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About The Project

The goal of this project is to develop an interactive annotation system for locating and tracking players with their identities in broadcast sport video sequences. Moreover, the system is designed to allow users to add and correct errors caused by automatic predictions interactively. In fact, our system combines computer vision and machine learning algorithms to automate the tracking, detection, localization and identification procedures. First, it detects players by learning their shapes and tracks them based on their motion. Second, the play field is registered by the homography in each image in order to locate the foot position of players on the field. Finally, the appearance of each player is learned from automatically generated tracking results and propagates the information across all tracks of players based on conditional random field.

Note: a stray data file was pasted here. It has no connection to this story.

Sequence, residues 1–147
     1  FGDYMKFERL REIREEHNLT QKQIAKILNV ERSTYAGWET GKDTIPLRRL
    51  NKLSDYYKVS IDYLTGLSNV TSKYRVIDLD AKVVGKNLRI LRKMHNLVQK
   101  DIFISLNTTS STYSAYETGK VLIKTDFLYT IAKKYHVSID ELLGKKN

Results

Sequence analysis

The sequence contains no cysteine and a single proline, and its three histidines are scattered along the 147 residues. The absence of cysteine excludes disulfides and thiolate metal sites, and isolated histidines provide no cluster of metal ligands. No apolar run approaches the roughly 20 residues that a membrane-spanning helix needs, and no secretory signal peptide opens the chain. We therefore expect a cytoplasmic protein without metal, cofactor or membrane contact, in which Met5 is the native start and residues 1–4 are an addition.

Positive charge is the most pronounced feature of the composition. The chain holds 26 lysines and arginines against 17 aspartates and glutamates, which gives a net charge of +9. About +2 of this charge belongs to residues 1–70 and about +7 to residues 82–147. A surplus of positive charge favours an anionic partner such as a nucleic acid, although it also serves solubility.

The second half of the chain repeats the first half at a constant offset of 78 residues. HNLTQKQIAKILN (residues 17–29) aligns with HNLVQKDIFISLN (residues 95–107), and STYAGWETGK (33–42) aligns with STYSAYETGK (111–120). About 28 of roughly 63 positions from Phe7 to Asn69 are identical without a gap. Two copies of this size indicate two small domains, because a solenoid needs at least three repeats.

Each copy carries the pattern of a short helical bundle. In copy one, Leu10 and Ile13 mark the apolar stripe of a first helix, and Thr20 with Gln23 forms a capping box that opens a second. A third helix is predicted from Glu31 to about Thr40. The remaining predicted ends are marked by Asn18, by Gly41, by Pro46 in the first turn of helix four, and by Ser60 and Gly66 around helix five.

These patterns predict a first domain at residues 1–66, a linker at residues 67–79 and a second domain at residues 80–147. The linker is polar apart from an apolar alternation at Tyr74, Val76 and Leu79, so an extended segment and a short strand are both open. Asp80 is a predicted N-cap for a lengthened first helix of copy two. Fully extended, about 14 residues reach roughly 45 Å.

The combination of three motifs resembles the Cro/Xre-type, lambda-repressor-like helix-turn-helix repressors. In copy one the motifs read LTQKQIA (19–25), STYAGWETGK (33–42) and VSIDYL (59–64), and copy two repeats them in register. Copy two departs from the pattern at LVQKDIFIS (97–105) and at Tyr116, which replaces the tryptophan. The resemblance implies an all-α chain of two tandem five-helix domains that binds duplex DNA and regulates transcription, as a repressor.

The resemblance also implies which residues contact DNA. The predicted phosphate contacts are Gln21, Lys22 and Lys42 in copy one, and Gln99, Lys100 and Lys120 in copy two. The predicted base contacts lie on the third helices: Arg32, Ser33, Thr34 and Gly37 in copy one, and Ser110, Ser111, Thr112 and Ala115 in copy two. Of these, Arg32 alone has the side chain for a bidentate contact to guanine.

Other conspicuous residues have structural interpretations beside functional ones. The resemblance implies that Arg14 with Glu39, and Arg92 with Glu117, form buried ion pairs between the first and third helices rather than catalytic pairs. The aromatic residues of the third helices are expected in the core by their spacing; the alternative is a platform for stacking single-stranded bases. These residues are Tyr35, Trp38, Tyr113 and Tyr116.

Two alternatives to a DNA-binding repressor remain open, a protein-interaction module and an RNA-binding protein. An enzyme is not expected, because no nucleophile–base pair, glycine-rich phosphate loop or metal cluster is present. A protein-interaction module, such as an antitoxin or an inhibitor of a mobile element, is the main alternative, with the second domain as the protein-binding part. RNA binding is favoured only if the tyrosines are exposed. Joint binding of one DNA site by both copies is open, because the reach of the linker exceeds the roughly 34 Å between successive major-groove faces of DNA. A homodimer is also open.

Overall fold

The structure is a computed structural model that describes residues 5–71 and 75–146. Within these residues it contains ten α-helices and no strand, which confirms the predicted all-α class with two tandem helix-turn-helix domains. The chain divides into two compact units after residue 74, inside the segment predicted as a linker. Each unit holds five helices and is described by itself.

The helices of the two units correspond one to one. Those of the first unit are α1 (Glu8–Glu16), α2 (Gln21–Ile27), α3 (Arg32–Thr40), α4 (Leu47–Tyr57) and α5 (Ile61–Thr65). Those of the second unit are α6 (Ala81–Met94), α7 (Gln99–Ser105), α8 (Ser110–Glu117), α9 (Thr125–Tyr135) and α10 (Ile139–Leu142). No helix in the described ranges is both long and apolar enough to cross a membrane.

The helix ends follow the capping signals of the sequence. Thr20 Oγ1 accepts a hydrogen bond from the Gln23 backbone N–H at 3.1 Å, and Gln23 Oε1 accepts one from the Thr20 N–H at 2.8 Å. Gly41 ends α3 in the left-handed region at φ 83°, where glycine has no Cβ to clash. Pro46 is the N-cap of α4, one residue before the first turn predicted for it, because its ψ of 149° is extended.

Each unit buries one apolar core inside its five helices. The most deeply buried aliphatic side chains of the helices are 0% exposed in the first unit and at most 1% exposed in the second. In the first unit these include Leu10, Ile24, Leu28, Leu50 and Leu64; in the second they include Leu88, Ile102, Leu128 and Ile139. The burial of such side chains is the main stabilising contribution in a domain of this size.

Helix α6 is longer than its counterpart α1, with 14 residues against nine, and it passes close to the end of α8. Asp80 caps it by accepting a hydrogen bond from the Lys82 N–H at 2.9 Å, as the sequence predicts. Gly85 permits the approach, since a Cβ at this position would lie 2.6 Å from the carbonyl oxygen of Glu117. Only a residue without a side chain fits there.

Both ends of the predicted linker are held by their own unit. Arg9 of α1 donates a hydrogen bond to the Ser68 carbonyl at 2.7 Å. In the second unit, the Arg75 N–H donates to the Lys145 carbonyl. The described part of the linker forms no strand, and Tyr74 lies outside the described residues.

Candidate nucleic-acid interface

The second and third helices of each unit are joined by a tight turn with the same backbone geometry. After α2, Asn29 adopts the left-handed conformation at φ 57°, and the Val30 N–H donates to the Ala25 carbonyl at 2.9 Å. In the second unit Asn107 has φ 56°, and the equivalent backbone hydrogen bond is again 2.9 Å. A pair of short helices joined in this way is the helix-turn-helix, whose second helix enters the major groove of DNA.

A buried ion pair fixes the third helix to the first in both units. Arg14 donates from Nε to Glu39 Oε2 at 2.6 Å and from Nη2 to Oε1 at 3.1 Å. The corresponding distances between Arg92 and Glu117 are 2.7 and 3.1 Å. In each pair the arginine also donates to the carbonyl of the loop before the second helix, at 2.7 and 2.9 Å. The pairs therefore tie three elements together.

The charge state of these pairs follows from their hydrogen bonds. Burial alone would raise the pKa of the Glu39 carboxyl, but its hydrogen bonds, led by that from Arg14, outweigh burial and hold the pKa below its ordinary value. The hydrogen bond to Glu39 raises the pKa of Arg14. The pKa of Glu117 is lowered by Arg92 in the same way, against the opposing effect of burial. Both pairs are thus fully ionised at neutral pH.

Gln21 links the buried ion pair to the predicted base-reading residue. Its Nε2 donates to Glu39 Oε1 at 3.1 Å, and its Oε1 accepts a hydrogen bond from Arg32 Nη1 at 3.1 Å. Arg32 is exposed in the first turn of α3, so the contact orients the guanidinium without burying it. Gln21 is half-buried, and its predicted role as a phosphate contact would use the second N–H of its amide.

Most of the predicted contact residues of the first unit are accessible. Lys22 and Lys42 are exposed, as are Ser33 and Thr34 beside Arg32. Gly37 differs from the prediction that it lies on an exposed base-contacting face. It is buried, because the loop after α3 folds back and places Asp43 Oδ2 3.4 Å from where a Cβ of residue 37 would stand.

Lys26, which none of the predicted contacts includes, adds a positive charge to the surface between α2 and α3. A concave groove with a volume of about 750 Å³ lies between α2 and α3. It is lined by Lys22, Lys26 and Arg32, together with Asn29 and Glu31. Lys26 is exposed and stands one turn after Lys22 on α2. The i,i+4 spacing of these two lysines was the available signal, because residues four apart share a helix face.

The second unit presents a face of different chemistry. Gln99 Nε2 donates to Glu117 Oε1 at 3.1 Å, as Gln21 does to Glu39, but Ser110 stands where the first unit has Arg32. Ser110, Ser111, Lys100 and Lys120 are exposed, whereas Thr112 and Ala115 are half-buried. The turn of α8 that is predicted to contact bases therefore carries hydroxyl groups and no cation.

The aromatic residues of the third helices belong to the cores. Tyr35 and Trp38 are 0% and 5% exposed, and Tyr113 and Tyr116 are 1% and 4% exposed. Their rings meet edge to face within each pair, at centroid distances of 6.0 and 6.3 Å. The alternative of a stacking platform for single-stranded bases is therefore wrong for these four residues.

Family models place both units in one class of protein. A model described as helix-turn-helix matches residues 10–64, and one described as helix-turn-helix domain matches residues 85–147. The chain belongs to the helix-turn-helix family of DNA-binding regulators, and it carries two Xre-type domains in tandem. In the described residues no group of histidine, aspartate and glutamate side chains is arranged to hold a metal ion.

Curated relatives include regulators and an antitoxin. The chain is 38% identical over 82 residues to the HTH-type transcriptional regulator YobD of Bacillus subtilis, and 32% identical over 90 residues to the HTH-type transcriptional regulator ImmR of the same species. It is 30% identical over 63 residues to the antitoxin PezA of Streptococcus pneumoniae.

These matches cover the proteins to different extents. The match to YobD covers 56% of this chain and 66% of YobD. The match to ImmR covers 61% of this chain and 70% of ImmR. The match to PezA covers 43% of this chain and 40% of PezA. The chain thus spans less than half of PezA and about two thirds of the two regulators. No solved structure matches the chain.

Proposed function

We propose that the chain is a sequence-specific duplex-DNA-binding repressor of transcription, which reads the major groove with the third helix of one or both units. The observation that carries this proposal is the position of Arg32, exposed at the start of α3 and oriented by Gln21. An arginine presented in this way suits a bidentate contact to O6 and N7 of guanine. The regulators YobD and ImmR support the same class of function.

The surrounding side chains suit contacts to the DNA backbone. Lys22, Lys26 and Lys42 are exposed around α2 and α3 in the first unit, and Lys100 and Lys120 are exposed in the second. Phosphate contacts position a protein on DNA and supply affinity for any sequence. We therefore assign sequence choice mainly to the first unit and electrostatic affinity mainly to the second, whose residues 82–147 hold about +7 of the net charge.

We have collected several broadcast footages of hockey and basketball games, where each of them is captured by a single broadcast camera that pans, tilts and zoom in/out, and test our system over them. The system was successfully tested on over 35,000 images of hockey data, equivalent to one period of the NHL game, and over 100,000 images of basketball data, equivalent to an entire NBA basketball game.

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ECCV 2004

The "A Boosted Particle Filter: Multitarget Detection and Tracking" paper won the "Best Paper" prize in Cognitive Vision in the European Conference on Computer Vision(ECCV). [Slides]


Other Projects & Links

Curious George Project [Link]
Robot Partners Project [Link]
Upcomming Conference Deadlines [Link]
Reading group on Vision and Robotics [Robuddies]

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MSc Thesis

Kenji Okuma: "Automatic Acquisition of Motion Trajectories: Tracking Hockey Players ," M.Sc. Thesis, the University of British Columbia, May 2003. [PDF] [input video] [transformed video] [tracking single player video]

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